> "-do some things you are not aware of" is a good way to avoid spoiling the
> puzzle. The explanation of the object can always be inserted into the hint
> system.

Isn't a better solution to a touch-the-mirror type of guess-the-verb
problem simply to implement a decent hint system?

/====================================================================\
|| Quintin Stone O- > "You speak of necessary evil? One ||
|| Code Monkey < of those necessities is that if ||
|| Rebel Programmers Society > innocents must suffer, the guilty must ||
|| st...@rps.net < suffer more." -- Mackenzie Calhoun ||
|| http://www.rps.net/ > "Once Burned" by Peter David ||
\====================================================================/

Rexx Magnus

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Jul 18, 2003, 9:22:54 AM7/18/03
to
On Fri, 18 Jul 2003 12:56:14 GMT, Quintin Stone scrawled:

>> With the mirror you can do:
>> - break it
>> - do some things you are not aware of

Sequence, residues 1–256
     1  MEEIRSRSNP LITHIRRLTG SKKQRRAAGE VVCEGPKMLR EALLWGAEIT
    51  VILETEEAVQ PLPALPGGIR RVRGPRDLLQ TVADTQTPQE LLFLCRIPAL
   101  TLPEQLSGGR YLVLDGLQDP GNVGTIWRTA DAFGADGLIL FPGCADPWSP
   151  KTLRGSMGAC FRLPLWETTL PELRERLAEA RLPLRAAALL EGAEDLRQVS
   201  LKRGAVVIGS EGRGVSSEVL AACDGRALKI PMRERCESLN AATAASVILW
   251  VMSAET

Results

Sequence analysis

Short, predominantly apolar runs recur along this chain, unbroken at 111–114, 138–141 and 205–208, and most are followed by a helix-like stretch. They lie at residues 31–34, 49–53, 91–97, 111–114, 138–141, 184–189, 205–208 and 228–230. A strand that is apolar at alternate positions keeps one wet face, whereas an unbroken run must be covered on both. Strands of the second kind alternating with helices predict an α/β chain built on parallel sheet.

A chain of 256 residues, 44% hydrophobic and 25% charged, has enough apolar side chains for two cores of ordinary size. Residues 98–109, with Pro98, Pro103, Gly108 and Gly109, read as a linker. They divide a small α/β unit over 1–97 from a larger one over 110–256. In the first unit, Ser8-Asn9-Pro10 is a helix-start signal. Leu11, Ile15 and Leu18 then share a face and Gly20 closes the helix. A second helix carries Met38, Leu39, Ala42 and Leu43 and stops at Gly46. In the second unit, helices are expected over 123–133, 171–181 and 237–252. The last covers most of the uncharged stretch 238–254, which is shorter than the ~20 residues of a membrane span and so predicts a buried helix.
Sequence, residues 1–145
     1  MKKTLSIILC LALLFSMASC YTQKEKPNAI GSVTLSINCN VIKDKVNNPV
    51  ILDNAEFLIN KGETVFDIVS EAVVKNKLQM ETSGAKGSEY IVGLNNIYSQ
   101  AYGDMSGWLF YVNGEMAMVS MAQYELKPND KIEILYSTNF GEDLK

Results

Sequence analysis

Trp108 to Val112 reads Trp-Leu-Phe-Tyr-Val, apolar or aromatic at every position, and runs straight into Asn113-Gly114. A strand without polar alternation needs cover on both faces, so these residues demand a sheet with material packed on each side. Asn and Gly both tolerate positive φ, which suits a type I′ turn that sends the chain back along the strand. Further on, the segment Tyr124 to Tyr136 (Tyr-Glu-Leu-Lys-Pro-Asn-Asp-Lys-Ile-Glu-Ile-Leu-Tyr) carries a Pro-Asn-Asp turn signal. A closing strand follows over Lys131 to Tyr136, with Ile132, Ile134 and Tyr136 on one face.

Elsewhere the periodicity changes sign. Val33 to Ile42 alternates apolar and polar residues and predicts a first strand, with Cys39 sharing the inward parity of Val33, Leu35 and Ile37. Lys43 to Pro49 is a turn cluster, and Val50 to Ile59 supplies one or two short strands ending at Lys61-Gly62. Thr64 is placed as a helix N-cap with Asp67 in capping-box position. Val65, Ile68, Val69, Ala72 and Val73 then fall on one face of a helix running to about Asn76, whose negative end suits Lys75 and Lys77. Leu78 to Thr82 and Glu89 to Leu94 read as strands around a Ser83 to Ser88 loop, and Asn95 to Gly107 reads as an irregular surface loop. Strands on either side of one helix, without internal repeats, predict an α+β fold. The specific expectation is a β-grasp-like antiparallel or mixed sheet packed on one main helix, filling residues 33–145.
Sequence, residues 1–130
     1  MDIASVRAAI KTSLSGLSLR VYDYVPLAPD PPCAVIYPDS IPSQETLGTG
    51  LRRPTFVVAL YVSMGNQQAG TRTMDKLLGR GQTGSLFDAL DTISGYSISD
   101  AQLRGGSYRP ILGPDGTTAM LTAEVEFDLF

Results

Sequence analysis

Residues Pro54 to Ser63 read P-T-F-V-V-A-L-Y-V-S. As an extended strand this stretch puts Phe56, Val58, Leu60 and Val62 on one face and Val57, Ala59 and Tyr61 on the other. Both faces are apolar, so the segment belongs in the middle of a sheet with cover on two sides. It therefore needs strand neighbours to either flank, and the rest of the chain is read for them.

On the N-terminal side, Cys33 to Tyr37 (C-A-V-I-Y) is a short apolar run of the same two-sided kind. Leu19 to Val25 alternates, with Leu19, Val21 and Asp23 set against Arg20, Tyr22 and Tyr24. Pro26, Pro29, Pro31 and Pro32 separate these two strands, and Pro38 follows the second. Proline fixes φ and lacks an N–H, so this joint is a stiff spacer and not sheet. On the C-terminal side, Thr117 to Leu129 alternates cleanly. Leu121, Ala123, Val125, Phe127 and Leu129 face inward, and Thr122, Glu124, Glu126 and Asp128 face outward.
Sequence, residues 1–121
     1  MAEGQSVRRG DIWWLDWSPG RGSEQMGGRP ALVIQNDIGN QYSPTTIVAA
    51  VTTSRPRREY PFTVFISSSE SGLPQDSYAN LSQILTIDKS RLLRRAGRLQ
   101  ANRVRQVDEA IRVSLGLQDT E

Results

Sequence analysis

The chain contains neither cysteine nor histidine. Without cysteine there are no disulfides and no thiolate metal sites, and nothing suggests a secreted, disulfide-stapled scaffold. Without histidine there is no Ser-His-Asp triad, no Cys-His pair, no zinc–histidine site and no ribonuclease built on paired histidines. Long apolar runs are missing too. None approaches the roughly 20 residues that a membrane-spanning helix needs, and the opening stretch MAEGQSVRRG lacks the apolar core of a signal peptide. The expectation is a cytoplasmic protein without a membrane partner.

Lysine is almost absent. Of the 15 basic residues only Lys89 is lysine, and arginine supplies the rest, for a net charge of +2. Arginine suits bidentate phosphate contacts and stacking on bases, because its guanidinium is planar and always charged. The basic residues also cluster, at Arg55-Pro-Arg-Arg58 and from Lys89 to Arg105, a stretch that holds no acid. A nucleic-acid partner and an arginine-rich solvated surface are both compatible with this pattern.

>
> Doesn't this kind of defeat the whole point then? I personally don't
> care for the idea of a verb list.

It's a bit jarring in the mimesis aspect, I think. Suggesting one
possible use for something that is ambiguous is ok, but listing a whole
ream of possible uses really shouldn't be necessary. For example, a pencil
could be used to write with, you could snap it, or stab something with it.
Lack of a writing surface would exclude the first, the second could be a
pointless act, yet the third could be hinted at by the pencil's
description.

--
UO & AC Herbal - http://www.rexx.co.uk/herbal

To email me, visit the site.

Rob Steggles

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Jul 18, 2003, 9:44:32 AM7/18/03
to

"David Thornley" <thor...@visi.com> wrote in message
news:3f17e972$0$179$a186...@newsreader.visi.com...

> In article <bf5er5$h08$1...@fegnews.vip.hr>, Kerovnian <in...@kerovnian.com>
wrote:
> >
> That could be a problem: images are not necessarily easy to get, neither
> are appropriate sounds. Once you start getting into large numbers of
> graphics and sounds you're leaving the possibility of single-author
> IF, and there's a lot of problems connected with that. These problems